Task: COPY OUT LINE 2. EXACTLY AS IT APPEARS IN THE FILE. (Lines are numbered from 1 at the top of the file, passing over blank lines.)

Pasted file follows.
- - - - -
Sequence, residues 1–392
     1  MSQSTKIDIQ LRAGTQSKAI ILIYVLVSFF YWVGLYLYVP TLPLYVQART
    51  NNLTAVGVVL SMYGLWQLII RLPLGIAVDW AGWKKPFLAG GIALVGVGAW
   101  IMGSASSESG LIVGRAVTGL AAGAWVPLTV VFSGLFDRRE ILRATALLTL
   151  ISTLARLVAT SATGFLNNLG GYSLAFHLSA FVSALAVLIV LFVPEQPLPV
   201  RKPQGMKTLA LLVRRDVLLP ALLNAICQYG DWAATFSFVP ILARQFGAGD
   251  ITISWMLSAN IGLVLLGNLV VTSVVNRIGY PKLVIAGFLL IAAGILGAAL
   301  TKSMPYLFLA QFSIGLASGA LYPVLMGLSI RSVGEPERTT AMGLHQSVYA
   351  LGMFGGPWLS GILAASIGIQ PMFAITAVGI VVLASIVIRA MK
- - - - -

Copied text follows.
     1  MSQSTKIDIQ LRAGTQSKAI ILIYVLVSFF YWVGLYLYVP TLPLYVQART